The digit sequencing test is better when compared with non-digit stimuli, such as letters (Jones & Macken, 2015). For instance, a study with 84 psychology students (age M= 22.07), conducted at the Nottingham Trent University, revealed the superiority effect of the digit sequence. Numerous studies show that the digit span increases with age.

What’s more, the digit sequence has been linked to instance-based associative learning (Jones & Macken, 2015).

Also, it’s believed that STM influences intelligence. In fact, results show that people with higher IQ score better.

Last but not the least, disorders, such as language impairments, may lead to low performance and scores on digit span tasks.

Figure 1 shows that younger adults perform better than their elderly counterparts in both forward and backward spans.

COSMIN

Generally speaking, the Digit Sequence has the highest specificity of all WAIS-III subtests (Groth-Marnat & Baker, 2003).

Internal reliability: The Digit Sequence tests show high internal reliability:.70-.90 (Conway et al., 2005).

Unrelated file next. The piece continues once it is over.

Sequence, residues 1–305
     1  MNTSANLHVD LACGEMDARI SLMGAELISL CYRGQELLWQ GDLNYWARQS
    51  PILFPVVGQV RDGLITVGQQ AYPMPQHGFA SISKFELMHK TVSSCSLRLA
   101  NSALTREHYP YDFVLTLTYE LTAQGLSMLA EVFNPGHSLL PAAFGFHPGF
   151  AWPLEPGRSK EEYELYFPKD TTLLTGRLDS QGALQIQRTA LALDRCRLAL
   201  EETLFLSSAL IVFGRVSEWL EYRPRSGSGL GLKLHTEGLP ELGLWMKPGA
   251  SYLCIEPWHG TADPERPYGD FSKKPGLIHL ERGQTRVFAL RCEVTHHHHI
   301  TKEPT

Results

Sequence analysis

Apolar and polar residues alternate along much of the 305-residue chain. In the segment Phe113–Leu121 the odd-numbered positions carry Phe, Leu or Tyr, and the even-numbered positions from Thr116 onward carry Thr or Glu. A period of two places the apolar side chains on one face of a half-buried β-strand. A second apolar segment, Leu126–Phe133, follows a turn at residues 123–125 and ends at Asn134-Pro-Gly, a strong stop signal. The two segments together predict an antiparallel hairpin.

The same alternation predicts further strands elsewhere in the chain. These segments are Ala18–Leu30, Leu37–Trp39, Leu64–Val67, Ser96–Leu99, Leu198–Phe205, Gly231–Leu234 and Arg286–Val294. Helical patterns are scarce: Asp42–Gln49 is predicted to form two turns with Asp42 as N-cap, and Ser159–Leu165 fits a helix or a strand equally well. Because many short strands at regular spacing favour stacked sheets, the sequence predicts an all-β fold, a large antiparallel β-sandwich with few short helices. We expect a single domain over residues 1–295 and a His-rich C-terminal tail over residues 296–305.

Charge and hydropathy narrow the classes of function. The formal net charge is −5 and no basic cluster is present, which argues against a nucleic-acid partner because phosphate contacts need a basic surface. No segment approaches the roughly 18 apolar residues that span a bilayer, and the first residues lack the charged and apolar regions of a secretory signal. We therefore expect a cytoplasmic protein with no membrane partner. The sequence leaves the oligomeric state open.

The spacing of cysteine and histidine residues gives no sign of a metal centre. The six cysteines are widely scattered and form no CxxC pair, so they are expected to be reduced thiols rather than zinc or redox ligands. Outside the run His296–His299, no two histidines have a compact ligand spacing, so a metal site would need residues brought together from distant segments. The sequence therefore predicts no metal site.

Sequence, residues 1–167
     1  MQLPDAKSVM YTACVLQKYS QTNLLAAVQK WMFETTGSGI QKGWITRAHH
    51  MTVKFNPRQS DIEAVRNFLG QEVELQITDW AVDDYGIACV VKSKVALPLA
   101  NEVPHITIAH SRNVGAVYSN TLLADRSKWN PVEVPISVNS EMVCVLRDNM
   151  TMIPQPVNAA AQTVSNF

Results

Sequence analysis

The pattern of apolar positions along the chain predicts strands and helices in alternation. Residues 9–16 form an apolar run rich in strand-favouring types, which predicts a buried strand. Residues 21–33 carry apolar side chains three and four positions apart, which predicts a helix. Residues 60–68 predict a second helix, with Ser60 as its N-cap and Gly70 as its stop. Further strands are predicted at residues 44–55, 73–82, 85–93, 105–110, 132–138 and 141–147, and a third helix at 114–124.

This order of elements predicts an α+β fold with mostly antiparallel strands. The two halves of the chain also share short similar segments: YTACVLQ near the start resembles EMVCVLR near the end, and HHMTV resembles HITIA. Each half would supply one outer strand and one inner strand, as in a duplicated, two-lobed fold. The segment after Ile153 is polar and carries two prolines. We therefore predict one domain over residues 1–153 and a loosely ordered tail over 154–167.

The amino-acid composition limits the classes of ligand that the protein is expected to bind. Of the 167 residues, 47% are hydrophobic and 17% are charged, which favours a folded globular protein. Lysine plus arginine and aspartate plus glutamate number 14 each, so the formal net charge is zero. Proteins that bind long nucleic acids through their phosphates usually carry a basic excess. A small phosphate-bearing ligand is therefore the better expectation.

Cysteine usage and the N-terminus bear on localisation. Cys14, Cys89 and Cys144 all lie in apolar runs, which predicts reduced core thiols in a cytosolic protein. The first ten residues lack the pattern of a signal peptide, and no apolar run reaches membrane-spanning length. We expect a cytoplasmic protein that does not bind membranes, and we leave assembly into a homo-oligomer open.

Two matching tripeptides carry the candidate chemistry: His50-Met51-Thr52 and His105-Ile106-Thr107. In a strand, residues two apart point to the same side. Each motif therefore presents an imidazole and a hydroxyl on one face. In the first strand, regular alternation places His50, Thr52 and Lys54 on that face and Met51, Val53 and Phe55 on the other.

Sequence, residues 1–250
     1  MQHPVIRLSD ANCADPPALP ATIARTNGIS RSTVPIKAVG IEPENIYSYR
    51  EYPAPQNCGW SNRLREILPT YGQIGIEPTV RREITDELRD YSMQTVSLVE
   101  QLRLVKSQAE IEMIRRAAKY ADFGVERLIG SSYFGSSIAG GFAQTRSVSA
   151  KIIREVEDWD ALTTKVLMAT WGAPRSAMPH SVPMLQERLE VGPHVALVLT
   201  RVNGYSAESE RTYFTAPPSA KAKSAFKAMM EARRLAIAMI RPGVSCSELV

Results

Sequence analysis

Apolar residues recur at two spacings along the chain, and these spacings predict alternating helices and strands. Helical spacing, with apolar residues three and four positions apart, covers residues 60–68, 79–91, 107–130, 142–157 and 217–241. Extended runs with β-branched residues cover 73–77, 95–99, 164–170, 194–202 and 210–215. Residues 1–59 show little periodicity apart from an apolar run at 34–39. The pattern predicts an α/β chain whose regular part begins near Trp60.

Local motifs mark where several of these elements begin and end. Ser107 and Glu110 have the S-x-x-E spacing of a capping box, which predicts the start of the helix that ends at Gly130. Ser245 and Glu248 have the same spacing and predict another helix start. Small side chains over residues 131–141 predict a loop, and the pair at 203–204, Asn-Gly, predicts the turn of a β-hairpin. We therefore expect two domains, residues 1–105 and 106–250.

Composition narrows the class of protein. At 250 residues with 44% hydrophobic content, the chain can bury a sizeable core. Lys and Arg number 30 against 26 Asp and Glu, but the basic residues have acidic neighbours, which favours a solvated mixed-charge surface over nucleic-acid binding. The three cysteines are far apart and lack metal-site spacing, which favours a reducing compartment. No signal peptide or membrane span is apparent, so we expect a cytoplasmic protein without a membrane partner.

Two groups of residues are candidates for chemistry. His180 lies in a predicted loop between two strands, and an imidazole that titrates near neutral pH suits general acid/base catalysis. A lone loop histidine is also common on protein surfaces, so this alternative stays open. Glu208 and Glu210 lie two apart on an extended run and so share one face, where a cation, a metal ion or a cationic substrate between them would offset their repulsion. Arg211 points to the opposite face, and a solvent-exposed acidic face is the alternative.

Test-retest: The test-retest reliability is also good (.50-.70), and it can even reach .83 (Wechsler, 1997).

Validity: Nevertheless, the validity of Digit Sequence tasks can be questioned as there are many theories about the nature of memory, which makes it unclear what is being assessed. Note that the test reveals moderate criterion validity when correlated with the Stanford-Binet-IV composite score and Stanford-Binet-IV short-term memory; r = .48 and r = .52, respectively (Wechsler, 1997).

Strengths and Limitations

The Digit Sequence test is an effective method to measure verbal working memory.

However, more research is needed regarding various aspects, such as long-term associative knowledge, and the application of digit span tests with unfamiliar consequences in real life (Jones & Macken, 2015).